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The other Libor problem for CLOs: Mismatch between assets, liabilities

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Libor’s eventual demise isn’t the only kind of headache this benchmark is giving the CLO market. Even as they start to consider a suitable replacement, managers of collateralized loan obligations are dealing with a more immediate problem: A divergence between the one-month and three-month London interbank offered rates is eating into their profit margins.

The floating-rate securities issued by CLOs pay rates pegged to three-month Libor, while the leveraged loans that collateralize them can be tied to one of four different rates, ranging from one-month to six-month Libor. What’s more, corporate borrowers typically have the ability to switch from one Libor rate to another from month to month.

For the better part of a decade, the potential mismatch did not matter much, because there was relatively little difference between one-month and three-month Libor. But since last October, this difference has widened from just 10 basis points to as much as 45 basis points in mid-May, as three-month Libor increased more than did one-month Libor. The difference, or spread, has since narrowed a bit, to around 30 basis points.

No surprise, as the cost of borrowing at a rate benchmarked to three-month Libor has risen, more corporate borrowers have switched to one-month Libor, lowering their funding costs. Yet CLOs continue to pay interest on their securities based on three-month Libor.

Over half of U.S. leveraged loans (57%) held by CLOs now reference one-month Libor, according to S&P Global Ratings.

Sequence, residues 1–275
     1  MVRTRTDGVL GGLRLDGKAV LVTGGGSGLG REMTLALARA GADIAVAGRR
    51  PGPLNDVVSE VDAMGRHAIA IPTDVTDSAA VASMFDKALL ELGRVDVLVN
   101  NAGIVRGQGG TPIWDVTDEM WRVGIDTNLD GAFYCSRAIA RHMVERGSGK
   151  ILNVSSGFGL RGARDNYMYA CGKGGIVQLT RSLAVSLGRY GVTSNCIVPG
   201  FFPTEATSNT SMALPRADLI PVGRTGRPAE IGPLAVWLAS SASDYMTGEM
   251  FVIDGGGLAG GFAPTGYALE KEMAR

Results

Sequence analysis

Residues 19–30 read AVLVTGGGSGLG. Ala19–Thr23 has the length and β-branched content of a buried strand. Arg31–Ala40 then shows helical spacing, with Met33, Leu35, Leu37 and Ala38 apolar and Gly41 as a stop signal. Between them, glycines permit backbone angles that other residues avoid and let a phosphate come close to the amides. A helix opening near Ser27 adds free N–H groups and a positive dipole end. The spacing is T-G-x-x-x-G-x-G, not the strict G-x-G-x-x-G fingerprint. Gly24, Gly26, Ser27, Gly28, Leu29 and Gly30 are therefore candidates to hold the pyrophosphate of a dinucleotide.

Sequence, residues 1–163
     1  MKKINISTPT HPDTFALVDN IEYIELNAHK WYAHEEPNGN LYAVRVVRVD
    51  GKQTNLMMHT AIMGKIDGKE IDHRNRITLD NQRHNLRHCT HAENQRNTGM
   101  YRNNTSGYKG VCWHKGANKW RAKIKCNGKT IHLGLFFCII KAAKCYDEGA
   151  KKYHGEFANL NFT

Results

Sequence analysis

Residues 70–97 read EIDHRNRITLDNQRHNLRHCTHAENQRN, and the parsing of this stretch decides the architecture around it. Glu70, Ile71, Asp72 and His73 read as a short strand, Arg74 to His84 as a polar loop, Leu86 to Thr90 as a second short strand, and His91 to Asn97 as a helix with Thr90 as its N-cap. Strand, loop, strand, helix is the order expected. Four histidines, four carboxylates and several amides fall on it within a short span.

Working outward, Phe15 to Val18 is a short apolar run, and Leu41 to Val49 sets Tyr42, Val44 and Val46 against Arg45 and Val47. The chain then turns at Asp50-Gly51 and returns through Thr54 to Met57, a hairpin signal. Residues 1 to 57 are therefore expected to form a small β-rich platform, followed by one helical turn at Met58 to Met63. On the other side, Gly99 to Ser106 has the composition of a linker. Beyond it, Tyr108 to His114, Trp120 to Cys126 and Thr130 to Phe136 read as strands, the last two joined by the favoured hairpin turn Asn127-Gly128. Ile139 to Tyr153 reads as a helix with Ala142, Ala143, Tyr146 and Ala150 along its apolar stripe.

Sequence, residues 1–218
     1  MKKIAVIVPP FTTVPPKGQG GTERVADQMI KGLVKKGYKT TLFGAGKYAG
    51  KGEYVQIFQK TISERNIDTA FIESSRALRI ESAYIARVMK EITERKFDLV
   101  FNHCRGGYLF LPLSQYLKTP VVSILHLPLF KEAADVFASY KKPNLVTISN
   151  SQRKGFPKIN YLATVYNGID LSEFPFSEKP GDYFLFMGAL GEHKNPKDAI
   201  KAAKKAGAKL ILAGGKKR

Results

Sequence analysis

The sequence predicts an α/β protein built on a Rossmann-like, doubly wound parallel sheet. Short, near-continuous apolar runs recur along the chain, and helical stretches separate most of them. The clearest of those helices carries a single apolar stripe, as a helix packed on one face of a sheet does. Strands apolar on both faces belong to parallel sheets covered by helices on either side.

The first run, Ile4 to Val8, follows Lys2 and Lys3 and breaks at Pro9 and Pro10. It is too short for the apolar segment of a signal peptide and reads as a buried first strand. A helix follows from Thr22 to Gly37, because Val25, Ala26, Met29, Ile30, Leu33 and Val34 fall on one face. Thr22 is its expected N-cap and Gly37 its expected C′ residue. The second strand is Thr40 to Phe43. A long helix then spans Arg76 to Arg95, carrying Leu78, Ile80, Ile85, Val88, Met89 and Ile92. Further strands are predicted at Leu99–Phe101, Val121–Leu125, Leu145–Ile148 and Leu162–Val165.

This has whittled away at the “excess spread” in CLOs – essentially a manager's profit margin – because there is less cash left over at the end of each quarterly payment period. These leftover funds go to the most subordinate securities issued by CLOs, known as the “equity,” which is typically held at least in part by managers themselves.

“If you assume all rated CLO bonds are priced at three-month Libor and half the assets to one-month Libor, then that mismatch is borne entirely by equity and should amount to about a 1% decrease in yield,” said Berkin Kologlu, a senior portfolio manager at Angel Oak Capital Advisors.

For now, Kologlu said, CLO managers should still earn enough on their loan portfolios to at least pay the interest on rated tranches of CLO securities. So equity holders are the only ones getting squeezed.

Two things could worsen the situation, however. The spread between one-month and three-month Libor could widen further or more corporate borrowers could switch to one-month Libor.

If either happens, there’s not much CLO managers can do. They have no way to compel their own investors to accept a different benchmark (and a lower yield).

Particularly for senior CLO noteholders, “it’s a nonstarter,” said Robert Villani, a partner at the law firm Clifford Chance. Managers “can’t go there,” he said.

Holders of senior, triple-A-rated CLO notes are the most reluctant because they have the most to lose. Switching to one-month Libor would reduce the interest rate on these securities, which currently averaged 103 basis points, by one-third.

Villani says managers are more likely to have successful negotations with junior noteholders. On the more subordinate, double-B-rated notes, a 30-basis-point swing on the in CLO soread would be far less impactful on their average spread price that averaged 567.8 basis points in May (according to Thomson Reuters LPC).

CLO managers have more to worry about than shrinking profit margins, however. The wider spread between the two benchmarks is causing many deals to run afoul of various tests designed to protect investors, such as the minimum weighted average between cost of funds and loan proceeds or the cushion needed on returns to cover interest costs.